Tuesday, October 19, 2021

I’ve been spending a lot of time recently in conversation with right-leaning leaders, policy experts, donors and activists. My purpose is to assess the health and trajectory of American conservatism at this critical moment.

Thursday, October 21, 2021

I’ve been spending a lot of time recently conversing with right-leaning leaders, policy experts, donors and activists in order to assess the health and trajectory of American conservatism at this moment.

Confession: I used to be a Republican. I briefly became one years ago while living amongst the ultrawoke on Manhattan’s Upper West Side. Their authoritarian diktats drove me crazy. And their narrow definition of economic interests as the rich versus the poor — with the middle class almost invisible — underscored their political naivete.

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America has a lot of free stuff. Get to the United States and you will be able to have nearly everything taken care of by the U.S. government. That seems to be the prevailing wisdom held by many migrants who make the journey from Central America through Mexico to our southern border, and eventually, with our lax immigration policies, into America.

One could say that there was a “pre” and “post” Gen. Colin Powell for the American right. It’s this ideological evolution of many on the right that should ultimately be remembered as the four-star general’s enduring legacy, sparked in that historical moment in 2003 for which Powell repeatedly spent the last several years expressing regret, right up until his death this week at age 84.

St. Louis leaders aren’t the only ones reassessing the wisdom of downsizing the city police department to mollify a loud but not necessarily representative group of far-left activists. Rising violent crime is plaguing cities across the country, and a growing number of Democratic mayors have realized that defunding the police is the opposite of what’s needed to retake control of the streets.

When the North Carolina Supreme Court renders judgement, it should generally be the last word on the matter. That decision rendered by the state’s seven justices — regardless of how it might come down — should be above reproach or question of impartiality.

“Help Wanted” signs are ubiquitous in the Southern port city of Mobile, Alabama, covering doors and windows of retail shops, restaurants, bars and even quickie shipping outposts. My favorite sandwich shop cut its hours, the manager says, because he can’t find enough help to man longer shifts.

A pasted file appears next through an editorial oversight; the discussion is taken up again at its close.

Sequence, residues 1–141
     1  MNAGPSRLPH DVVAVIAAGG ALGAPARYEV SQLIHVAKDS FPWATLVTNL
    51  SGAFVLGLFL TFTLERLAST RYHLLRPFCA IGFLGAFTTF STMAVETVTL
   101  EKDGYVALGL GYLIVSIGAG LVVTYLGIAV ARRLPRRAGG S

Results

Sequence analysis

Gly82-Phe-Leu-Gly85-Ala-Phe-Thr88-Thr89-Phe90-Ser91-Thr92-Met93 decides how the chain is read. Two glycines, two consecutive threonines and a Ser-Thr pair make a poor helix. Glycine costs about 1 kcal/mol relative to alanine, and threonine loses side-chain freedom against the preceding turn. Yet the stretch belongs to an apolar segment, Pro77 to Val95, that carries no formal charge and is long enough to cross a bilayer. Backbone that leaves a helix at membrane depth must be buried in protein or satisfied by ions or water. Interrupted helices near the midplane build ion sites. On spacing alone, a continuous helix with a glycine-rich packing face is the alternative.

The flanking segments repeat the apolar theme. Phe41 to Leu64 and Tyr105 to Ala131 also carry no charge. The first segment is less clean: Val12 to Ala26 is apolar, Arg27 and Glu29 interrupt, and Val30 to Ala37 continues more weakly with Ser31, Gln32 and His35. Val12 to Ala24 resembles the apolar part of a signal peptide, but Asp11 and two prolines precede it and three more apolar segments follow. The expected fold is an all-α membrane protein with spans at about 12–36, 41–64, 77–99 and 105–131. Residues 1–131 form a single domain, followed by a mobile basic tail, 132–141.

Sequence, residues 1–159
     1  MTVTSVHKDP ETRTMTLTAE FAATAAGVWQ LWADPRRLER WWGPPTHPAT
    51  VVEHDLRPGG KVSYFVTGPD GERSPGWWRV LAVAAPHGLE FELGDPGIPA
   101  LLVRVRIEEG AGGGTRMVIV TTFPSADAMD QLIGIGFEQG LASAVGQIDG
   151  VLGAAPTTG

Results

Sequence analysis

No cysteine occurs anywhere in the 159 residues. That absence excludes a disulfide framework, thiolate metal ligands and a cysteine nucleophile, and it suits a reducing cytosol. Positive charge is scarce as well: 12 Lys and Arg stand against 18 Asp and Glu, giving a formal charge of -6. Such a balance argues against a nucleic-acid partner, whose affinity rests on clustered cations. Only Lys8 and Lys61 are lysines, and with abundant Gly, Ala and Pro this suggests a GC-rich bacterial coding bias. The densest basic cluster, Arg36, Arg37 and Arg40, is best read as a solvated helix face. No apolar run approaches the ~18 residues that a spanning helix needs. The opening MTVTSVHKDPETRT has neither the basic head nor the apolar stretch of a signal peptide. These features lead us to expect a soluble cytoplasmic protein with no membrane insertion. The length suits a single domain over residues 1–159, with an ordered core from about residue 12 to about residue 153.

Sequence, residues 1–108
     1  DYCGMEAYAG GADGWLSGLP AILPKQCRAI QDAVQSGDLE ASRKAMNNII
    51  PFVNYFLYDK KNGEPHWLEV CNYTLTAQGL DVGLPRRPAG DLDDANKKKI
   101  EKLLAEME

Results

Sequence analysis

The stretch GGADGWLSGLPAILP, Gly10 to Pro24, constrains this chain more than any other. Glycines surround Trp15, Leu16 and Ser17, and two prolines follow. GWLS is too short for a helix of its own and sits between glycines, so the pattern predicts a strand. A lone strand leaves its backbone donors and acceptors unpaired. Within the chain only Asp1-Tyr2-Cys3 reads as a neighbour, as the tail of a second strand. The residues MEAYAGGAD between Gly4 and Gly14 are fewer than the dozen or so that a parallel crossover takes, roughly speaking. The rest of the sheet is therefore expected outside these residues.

A few weeks ago, the Associated Press and a nonprofit journalism outfit called The Markup released a dataset and news stories purporting to prove the existence of pervasive discrimination against racial minorities by mortgage lenders. The McClatchy newspapers in North Carolina (The Charlotte Observer, The News & Observer in Raleigh, and the Herald-Sun in Durham) splashed the Markup/AP findings across their front pages and contributed additional reporting about the North Carolina-specific data.

Lt. Gov. Mark Robinson saying controversial things could be a reality show. There’s easily enough content for multiple seasons. After all, his ascendency in North Carolina politics emerged from his confrontational speaking style. His mouth is what makes him so popular and disliked at the same time. Robinson even dares to weigh in on specific social issues where only one opinion is allowed now in the public square.

Driving home from the dog park, I was surprised to hear the (Dixie) Chicks’ terrific song “Wide Open Spaces” on the country oldies station. The group had been banished from country radio since 2003 after saying George W. Bush made them embarrassed to be Texans.

  • Updated

Closing down school buildings for many months last year — and offering poorly planned and executed virtual schooling as an inadequate substitute — proved to be a disaster for North Carolina children, families, and the education system itself.

North Carolina’s Lt. Gov. Mark Robinson is shameless when it comes to bellowing against make-believe threats to God, guns and heterosexuals. But even if the state’s highest-elected Republican is beyond embarrassment, he is still embarrassing for North Carolina, and especially for North Carolina Republicans.

My daily walk to and from school in first grade was past the house of the neighborhood bully. Day after day I came home crying. Finally, my mother had enough. “Listen son,” she said. “I don’t like fighting, but I am sick and tired of you coming home every day crying because of that bully. The next time he starts in on you I want you to ball up your fist and hit him in the stomach. Don’t come home crying and complaining anymore.”

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